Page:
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  Phony Benoni: Well. This is a right proper mess. Since ACB seems to be responsible -- and I'm going through it anyway -- let's see what it has to say.

The Seattle simul is mentioned on pages 50 and 52. of the April issue. Held on March 17 with 30 players. Lasker score +25 -2 =3, losing to <Arvid V. Johnson> and Fred Maltby, drawing with C. E. Bagley, Oliver Hulbackand J. Storkmarrs.

The Portland simul is mentioned on page 72 of the May / June issue. 27 boards, Lasker scoring +26 -1 =0, losing only to <A. G. Johnson>.

Confusion arises on p. 76, where the game is printed. Preceding the score are a couple of paragraphs about Arvid V. Johnson. These conclude with:

<"Appended is the score of his game with Dr. Lasker.">

Then follows the score, with the player of the White pieces identified only as "Johnson". At the end is a footnote:

<"From Dr. Lasker's exhibition at Portland, Oregon, March 20.">

Oh, dear. Mr. Helms, you've done it again.

' Looking at the other sources here, tne "Northwest Chess" article by Casey Bush is vague about sources. Bush mentions in his introduction that he had access to several notebooks relating to the history of the Portland Chess Club. This leaves the impression that he found the game scores there, which would be a strong indication the game was played in Portland. But we can't be sure.

The "Boston Globe" article was an Associated Press report which appeared in many newspapers, and was obviously written by (let's be kind) an inexperienced chess player. It's hard to draw conclusions, but does it really describe the game on this page? Where, for instance, does Lasker sacrifice his queen for a castle?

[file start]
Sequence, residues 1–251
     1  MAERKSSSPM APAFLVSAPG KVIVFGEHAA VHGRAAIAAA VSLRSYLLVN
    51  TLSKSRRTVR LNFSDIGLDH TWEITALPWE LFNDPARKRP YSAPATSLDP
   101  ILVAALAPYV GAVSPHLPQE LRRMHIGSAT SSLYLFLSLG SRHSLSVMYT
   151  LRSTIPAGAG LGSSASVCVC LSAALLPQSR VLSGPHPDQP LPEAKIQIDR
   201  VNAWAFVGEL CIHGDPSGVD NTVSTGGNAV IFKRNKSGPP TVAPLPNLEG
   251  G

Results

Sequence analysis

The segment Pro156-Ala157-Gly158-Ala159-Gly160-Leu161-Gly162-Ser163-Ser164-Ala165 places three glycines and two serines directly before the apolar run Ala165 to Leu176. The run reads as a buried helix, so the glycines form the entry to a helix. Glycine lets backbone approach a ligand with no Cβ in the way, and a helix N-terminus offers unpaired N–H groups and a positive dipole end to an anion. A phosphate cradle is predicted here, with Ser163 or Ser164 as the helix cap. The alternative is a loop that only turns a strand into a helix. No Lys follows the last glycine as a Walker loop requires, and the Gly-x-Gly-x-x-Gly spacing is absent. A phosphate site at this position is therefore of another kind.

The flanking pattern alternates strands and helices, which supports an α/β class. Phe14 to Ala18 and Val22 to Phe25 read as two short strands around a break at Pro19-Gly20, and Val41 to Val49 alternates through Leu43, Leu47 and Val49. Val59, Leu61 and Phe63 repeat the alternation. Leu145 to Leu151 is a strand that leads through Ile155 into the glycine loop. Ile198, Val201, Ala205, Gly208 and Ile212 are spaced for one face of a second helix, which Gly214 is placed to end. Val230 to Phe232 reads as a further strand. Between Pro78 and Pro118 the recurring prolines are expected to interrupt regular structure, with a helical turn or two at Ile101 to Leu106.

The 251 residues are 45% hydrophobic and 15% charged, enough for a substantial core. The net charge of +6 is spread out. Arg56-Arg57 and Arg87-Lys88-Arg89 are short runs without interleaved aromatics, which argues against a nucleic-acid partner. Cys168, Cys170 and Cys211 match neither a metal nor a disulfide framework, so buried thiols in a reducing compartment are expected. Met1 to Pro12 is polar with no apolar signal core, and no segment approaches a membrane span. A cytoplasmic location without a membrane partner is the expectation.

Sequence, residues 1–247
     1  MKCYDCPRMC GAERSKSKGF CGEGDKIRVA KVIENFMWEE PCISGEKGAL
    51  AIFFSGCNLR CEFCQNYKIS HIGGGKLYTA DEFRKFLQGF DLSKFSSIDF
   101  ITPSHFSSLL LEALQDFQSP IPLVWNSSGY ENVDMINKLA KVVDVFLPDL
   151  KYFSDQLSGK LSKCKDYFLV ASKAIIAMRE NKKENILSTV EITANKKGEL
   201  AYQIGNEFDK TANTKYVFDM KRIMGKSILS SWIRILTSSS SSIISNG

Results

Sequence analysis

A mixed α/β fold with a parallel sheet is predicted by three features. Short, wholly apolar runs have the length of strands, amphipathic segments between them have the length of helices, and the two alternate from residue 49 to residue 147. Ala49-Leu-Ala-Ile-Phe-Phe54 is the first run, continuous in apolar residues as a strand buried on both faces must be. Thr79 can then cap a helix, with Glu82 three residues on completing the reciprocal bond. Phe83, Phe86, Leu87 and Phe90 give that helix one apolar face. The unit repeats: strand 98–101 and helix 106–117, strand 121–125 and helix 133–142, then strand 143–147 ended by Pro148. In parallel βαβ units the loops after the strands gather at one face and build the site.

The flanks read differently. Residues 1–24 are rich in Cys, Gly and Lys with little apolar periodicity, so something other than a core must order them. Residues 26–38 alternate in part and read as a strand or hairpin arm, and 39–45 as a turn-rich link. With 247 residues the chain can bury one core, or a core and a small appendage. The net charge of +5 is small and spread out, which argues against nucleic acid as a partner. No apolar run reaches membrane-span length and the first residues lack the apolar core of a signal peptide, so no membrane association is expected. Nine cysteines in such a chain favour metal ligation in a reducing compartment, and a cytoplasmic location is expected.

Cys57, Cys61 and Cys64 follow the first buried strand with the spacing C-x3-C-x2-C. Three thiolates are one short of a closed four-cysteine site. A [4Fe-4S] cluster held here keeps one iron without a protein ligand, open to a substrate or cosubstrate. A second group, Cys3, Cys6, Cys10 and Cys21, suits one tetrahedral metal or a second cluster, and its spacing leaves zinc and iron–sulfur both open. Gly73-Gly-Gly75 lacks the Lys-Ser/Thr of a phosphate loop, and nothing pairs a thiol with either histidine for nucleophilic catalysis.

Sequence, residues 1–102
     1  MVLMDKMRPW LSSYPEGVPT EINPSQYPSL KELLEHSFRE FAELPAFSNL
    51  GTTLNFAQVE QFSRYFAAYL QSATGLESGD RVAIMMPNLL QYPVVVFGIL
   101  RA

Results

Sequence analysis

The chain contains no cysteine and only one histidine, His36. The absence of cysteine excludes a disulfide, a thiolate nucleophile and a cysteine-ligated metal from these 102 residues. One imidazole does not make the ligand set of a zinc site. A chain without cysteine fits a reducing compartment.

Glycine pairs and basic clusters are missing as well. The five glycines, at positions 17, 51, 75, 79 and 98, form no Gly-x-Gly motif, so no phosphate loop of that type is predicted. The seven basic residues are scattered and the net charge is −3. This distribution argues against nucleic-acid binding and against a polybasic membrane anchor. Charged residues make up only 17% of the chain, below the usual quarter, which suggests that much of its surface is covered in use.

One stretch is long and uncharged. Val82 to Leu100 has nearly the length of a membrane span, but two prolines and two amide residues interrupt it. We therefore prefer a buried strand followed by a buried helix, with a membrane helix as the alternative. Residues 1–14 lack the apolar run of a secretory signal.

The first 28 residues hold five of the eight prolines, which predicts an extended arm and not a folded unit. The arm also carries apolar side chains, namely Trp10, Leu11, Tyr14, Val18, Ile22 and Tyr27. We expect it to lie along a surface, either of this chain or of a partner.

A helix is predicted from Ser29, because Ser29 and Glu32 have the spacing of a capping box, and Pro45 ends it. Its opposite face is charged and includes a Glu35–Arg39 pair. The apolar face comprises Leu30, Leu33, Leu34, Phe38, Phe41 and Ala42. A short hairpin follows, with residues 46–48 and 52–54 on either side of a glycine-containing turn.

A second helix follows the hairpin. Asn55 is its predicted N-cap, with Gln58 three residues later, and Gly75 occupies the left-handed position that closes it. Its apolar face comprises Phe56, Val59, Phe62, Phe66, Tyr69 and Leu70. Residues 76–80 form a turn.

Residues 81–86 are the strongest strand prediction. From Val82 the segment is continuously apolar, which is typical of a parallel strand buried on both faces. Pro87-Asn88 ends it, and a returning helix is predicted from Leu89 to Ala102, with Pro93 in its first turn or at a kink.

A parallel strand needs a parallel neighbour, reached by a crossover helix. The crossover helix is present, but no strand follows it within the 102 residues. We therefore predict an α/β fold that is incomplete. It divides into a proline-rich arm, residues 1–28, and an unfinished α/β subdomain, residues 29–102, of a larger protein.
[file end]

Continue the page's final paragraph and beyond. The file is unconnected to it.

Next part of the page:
I'm inclined to think this is actually the game from A. G. Johsnon in Portland, but the case remains open.

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  Phony Benoni: I have received confirmation from Casey Bush (author of the article in <Northwest Chess> a copy of the <(Portland) Oregonian> from 1926 which includes the game and definitely attributes it to <A. G. Johnson>.

I am sending in a correction slip to change the player.

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  MissScarlett: Winter will be furious.
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  Stonehenge: BCCF E-MAIL BULLETIN #81:

In the spring of 1926 former world champion Emanuel Lasker visited the Pacific northwest; it was hoped he would present a simultaneous display in Victoria, but these plans fell through. Instead, he gave two displays in Seattle; the second of these was refereed by Thomas Piper of Victoria (see Bulletin #5 for biographical information). The following report appeared in the Victoria Daily Colonist chess column on March 28, 1926 - Piper was the editor: "Dr. Lasker may say with Caesar, Veni Vidi Vici, anant his thirty-board simultaneous display at the Elks, Seattle, on March 18, for, as already reported, he won twenty-four, lost two and drew four.

The game vs Maltby is given (I have uploaded it).

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  MissScarlett: <The following report appeared in the Victoria Daily Colonist chess column on March 28, 1926 - Piper was the editor: "Dr. Lasker may say with Caesar, Veni Vidi Vici, anant his thirty-board simultaneous display at the Elks, Seattle, on March 18, for, as already reported, he won twenty-four, lost two and drew four.>

This source confirms that A.V. Johnson won his game in Seattle - as Black - in 32 moves.

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from American Chess Bulletin 1926 by Phony Benoni